• Those with health conditions are at higher risk if infected with COVID-19
  • Having weak immune systems is particularly dangerous if infected
  • Persons suffering from autoimmune diseases are also at higher risk

The UK Prime Minister announced the government would impose new measures in an attempt to curb the spread of the deadly coronavirus. These measures are designed to protect the most vulnerable people in the country, particularly those who are over 70 years old, pregnant women, and those who often have the flu vaccine. The latter group includes people suffering from chronic diseases like diabetes, cancer, cardiovascular disease, and those with weak immune systems.

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Risky Underlying Health Conditions

According to Public Health England, having a coronavirus infection can be life-threatening to people who have weak immune systems and those with chronic illnesses. Examples of these chronic illnesses are heart disease, diabetes, cancer, lung disease, and high blood pressure.

The health services of Ireland added several more underlying conditions to the list. These include HIV patients, persons who have had a bone marrow or organ transplant, asthmatics, and those being treated for cancer or any of the autoimmune diseases.

Autoimmune diseases like rheumatoid arthritis, systemic lupus erythematosus, Addison's disease, celiac disease, multiple sclerosis, pernicious anemia, and psoriasis, increase the risk of developing serious to deadly complications from coronavirus infection. Other autoimmune diseases included in the list are Hashimoto's thyroiditis, autoimmune vasculitis, type 1 diabetes, Graves’ disease, myasthenia gravis, inflammatory bowel disease, and Sjogren's syndrome.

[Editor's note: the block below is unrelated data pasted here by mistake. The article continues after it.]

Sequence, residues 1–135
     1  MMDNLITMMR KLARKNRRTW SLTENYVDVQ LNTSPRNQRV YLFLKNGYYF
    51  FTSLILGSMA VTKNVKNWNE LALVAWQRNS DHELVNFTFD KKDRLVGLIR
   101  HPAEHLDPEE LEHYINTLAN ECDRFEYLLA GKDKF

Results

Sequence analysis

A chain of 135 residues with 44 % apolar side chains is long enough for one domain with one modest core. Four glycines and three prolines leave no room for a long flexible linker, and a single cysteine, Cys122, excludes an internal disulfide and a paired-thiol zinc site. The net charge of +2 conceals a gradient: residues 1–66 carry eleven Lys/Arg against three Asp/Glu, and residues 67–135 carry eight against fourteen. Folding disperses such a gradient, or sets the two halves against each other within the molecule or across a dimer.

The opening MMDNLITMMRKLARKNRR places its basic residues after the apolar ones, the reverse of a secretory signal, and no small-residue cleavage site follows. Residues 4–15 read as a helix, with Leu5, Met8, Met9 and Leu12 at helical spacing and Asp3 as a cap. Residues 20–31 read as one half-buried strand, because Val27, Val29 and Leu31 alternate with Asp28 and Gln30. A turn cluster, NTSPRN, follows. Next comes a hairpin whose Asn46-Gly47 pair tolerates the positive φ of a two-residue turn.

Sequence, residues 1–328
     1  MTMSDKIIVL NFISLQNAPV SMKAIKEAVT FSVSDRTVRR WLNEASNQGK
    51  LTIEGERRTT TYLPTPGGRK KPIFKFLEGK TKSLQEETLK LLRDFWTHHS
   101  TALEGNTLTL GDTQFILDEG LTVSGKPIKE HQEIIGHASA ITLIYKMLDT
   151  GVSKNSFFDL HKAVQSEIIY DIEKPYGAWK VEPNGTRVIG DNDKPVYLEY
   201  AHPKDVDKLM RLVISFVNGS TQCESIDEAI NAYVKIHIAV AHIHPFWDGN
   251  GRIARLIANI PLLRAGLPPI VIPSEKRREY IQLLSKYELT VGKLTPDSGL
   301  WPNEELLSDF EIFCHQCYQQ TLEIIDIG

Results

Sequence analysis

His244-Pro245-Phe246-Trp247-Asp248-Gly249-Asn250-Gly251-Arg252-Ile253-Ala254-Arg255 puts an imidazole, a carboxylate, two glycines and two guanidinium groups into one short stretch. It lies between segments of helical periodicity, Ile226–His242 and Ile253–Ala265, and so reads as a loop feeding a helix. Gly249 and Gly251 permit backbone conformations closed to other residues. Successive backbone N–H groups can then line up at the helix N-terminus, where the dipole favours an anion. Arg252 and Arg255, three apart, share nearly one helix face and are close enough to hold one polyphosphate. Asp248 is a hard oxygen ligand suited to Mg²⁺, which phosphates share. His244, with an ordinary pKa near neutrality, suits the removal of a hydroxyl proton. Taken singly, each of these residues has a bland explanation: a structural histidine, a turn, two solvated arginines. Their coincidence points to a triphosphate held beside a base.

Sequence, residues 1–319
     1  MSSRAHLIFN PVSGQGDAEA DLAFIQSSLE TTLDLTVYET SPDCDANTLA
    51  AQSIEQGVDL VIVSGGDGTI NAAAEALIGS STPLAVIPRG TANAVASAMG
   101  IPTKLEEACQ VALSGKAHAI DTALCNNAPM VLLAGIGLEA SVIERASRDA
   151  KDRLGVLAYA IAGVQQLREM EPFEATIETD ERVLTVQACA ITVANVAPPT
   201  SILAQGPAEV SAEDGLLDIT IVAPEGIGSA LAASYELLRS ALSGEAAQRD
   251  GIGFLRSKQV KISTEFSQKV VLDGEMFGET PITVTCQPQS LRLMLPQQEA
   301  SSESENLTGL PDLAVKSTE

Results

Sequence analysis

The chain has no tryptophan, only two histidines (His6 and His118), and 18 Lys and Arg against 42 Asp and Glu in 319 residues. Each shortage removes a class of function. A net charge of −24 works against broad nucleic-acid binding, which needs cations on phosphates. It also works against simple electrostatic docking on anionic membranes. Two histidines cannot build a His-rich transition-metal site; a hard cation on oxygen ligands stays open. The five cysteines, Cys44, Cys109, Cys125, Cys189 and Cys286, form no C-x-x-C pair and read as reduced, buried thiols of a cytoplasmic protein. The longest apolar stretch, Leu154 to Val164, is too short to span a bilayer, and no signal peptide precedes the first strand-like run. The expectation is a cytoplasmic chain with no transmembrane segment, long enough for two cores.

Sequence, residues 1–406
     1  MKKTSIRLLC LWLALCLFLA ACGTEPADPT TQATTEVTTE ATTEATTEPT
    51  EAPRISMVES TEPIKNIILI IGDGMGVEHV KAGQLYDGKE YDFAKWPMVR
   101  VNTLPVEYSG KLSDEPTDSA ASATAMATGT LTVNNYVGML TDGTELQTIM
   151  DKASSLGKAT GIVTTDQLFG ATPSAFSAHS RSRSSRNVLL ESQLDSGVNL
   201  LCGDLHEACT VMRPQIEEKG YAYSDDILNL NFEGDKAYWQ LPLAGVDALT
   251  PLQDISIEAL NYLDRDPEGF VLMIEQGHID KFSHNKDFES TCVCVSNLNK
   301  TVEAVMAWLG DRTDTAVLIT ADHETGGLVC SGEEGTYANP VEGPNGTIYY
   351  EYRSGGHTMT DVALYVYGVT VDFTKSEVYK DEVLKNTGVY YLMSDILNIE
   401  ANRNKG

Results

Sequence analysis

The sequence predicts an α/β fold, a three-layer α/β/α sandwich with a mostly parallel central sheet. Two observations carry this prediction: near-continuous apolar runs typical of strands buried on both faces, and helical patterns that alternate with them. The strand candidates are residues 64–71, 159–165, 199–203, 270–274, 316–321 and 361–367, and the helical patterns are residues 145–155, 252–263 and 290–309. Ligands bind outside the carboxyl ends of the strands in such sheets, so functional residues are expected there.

Coronavirus And Autoimmune Diseases

This is a unique medical condition where your immune system attacks your body. Normally, your immune system would protect the body from viruses and bacteria. If you suffer from an autoimmune disease, the immune system mistakenly sees normal body parts as foreign cells. This misidentification causes it to release autoantibodies, which then attack the healthy cells. This is why patients with autoimmune diseases are at higher risk of getting infected with coronavirus and developing more serious complications.

Oftentimes, patients with autoimmune diseases are treated with immunosuppressant medication. While this may help the patient cope with the chronic ailment, it also increases the risk of coronavirus infection.

Records indicate there are approximately 12,000 children and young people living with an autoimmune disease in the UK. This is a cause of great concern among their families.

A Necessary Sacrifice

Wesley Baker, the CEO of ANCON Medical and a father of a 14-year-old boy with autoimmune disease, said he considers his child among the vulnerable pointed to by the government. This is why he opted to isolate his son in his room in an attempt to minimize the risk to him.

They also ensure their home environment is clean, using high-quality hand cleaners and masks that they bought weeks ago. They had also arranged for his son to continue his education through Skype instead of having his teachers visit him.